(9) The Need for Integration and Convergence of Knowledge and Direction across Disciplines. Research in trauma, pain, and disability is advancing rapidly and in many directions. Several aspects of system function— biological and psychological—are currently being explored, but rarely in the same cohort. Anecdotally, some participants described interactions with large public funding bodies who expressed disinterest in supporting intervention trials for conditions such as acute WAD or oLBP until the mechanisms underlying these conditions and their transition to chronicity are clarified. Therefore, a priority is to actively establish productive transdisciplinary research teams with members from a breadth of academic disciplines. In this way, both basic and clinical research can be conducted simultaneously and in the same patient population, offering the potential to link biological parameters with clinical signs and symptoms. Aligning an entire field of research may not be feasible and risks stifling innovation. On the other hand, having a general field-wide direction with desired outcomes such as improved quality of life or faster symptom resolution would foster cross-fertilization. As well, it would encourage basic scientists to consider the long-term clinical translatability of their findings and clinical scientists to consider potential mechanistic explanations for their clinical observations.

(10) Meaningful Outcomes. Acute and chronic pain and disability are nebulous constructs that require valid and meaningful outcomes that can be applied to both research and clinical practice. The IMMPACT group [39] has proposed and aligned outcomes for pain clinical trials, but longitudinal (observational) research has yet to catch up. The definition of a “good” or “bad” outcome following trauma exposure is context-dependent and is likely overly simplistic. Most clinical risk stratification tools recognize a large middle ground for risk of chronicity, suggesting that outcomes need to be graded more finely than just “recovered” or “not recovered” with respect to pain, disability, or occupational engagement. Workshop participants recognized the need to include measurement and qualitative scientists in these discussions, and recommended refining existing outcomes or developing new ones that are meaningful and translatable between the lab and clinic as a high priority area. This was also identified as an area where consumers may be able to play an important role.

(11) Struggles with Patient Recruitment and Engagement. Some workshop participants described the difficulty of enrolling patients with acute MSK injuries into research studies focused on long-term outcomes. It was largely recognized by both academics and patient advocates that many people with chronic pain are intrinsically motivated to participate in studies that may lead to a change in their condition. However, it is inappropriate to assume that those with acute injuries possess the same level of intrinsic motivation or engagement in research. Subject attrition or “loss to follow-up” was also identified as a challenge to successful longitudinal studies. The group recognized the need to “sell” the value of such research to those with acute injuries and that effective strategies for retaining subjects include appropriate compensation and frequent contact [40].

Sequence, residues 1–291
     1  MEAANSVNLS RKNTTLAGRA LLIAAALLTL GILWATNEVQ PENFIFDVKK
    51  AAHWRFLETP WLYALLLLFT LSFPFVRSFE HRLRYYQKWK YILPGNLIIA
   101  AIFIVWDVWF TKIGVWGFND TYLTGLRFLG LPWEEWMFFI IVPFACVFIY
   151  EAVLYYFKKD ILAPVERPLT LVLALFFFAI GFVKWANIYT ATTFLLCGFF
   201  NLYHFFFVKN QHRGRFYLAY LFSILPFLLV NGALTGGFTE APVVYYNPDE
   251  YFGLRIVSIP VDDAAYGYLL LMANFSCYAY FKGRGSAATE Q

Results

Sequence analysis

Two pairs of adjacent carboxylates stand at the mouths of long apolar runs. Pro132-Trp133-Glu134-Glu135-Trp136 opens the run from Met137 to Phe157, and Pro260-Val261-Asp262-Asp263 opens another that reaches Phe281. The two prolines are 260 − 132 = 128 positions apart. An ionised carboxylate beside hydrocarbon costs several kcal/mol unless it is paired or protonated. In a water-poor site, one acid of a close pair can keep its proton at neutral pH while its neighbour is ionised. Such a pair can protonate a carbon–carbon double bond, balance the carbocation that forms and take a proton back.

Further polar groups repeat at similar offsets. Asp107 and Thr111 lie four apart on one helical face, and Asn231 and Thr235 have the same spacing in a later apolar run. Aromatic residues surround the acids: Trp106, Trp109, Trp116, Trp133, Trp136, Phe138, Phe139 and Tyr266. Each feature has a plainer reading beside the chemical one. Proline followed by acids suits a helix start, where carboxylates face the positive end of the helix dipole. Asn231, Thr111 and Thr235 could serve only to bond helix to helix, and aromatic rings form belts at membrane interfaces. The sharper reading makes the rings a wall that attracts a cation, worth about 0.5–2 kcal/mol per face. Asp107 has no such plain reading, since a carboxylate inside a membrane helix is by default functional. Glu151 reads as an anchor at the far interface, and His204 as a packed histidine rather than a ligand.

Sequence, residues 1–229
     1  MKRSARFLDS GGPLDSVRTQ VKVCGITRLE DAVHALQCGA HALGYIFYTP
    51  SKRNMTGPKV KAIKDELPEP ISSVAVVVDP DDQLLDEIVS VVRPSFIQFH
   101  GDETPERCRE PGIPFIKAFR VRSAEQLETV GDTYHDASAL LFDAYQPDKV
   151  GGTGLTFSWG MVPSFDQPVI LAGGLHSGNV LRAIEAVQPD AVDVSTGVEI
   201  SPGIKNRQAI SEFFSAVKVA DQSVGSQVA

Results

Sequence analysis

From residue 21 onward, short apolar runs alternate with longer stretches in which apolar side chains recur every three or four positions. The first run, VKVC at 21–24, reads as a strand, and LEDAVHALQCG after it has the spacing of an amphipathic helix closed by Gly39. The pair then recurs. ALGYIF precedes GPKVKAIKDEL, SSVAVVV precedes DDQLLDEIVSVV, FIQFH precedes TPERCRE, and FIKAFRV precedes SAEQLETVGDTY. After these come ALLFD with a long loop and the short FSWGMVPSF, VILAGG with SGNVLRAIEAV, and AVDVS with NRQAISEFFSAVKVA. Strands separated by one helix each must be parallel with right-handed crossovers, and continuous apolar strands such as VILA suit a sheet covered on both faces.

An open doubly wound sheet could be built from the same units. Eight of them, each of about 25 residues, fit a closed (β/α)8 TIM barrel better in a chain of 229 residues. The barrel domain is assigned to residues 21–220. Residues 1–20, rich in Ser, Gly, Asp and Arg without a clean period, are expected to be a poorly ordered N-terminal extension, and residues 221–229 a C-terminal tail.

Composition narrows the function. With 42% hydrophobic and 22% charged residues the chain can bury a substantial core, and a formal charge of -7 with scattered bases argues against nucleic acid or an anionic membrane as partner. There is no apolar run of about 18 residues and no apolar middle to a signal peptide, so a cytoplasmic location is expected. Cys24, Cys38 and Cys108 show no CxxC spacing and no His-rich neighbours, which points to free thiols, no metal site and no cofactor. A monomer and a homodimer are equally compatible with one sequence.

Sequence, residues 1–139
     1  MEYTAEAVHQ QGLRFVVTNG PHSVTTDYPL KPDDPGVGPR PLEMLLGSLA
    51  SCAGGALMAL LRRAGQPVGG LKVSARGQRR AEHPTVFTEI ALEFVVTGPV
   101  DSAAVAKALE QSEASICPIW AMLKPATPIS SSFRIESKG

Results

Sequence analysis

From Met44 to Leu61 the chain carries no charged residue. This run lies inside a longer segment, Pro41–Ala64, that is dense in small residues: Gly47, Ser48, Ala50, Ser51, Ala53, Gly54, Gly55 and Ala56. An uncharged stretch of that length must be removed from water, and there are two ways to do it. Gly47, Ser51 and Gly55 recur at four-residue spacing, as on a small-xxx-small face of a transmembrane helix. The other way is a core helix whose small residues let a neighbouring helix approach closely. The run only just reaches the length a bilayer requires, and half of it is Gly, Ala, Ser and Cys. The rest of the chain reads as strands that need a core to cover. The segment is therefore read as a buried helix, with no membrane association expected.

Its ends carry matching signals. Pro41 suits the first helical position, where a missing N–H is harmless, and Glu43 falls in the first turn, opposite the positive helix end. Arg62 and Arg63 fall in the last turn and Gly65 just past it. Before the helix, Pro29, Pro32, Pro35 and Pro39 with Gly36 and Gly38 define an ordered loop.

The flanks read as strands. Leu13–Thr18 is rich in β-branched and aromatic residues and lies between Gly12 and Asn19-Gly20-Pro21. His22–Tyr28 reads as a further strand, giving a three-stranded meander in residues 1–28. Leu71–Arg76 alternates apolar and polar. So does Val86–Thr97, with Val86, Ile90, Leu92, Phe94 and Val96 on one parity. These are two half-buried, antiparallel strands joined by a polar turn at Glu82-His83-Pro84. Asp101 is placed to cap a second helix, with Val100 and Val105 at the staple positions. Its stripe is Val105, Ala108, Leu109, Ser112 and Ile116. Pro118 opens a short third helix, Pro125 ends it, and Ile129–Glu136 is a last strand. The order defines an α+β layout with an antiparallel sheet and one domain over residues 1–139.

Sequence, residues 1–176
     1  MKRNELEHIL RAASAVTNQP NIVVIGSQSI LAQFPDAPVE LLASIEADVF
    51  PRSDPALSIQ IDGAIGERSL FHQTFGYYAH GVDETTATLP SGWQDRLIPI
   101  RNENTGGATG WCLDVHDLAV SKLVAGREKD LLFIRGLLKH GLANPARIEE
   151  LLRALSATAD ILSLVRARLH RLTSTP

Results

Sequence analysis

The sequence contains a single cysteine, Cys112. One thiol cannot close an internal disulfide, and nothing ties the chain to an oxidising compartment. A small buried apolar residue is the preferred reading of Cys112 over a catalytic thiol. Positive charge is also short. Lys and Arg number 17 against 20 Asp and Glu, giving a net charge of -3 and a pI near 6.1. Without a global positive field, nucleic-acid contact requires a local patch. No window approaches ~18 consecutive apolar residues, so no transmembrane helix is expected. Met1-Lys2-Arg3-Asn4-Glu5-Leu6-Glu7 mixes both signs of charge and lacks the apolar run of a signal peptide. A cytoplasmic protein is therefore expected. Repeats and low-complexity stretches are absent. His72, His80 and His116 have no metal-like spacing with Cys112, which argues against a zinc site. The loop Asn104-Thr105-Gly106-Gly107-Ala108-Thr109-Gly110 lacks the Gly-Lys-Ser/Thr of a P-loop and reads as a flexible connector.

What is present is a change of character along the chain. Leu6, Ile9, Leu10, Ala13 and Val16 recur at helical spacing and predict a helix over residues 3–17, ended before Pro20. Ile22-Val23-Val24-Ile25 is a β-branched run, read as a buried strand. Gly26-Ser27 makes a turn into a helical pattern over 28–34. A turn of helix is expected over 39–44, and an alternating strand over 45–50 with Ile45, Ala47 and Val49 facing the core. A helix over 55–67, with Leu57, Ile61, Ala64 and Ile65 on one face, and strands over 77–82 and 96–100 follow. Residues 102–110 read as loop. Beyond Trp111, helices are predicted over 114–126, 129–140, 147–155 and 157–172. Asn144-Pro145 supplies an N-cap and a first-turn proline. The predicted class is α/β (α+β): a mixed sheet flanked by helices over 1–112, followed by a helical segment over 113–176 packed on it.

Treating clinicians, often the first point of contact for injured patients, were identified as either a facilitator or barrier to recruitment. Emergency medicine is correctly and necessarily focused on ensuring that patients are stabilized and out of immediate threat. This busy environment leaves little time for identification and enrollment of potential study participants. However, this environment is also key for setting up smooth recovery; hence these clinicians are important stakeholders in posttrauma rehabilitation and recovery. Engaging clinicians in research design and respecting their time spent recruiting patients for research are additional priorities.

Finally, it was proposed that injured individuals involved in compensation or litigation related to their injuries appear to be less receptive to research participation. Whether this is due to cynicism/skepticism (e.g., “how might my data be used against me?”) or the added time and stress of active litigation, this barrier to recruitment represents a potential bias of assembly in research design. Although not a fatal threat to internal validity, such assembly biases should be recognized in publications arising from such research, which should include the limitations of generalizing the findings between litigating and nonlitigating cohorts.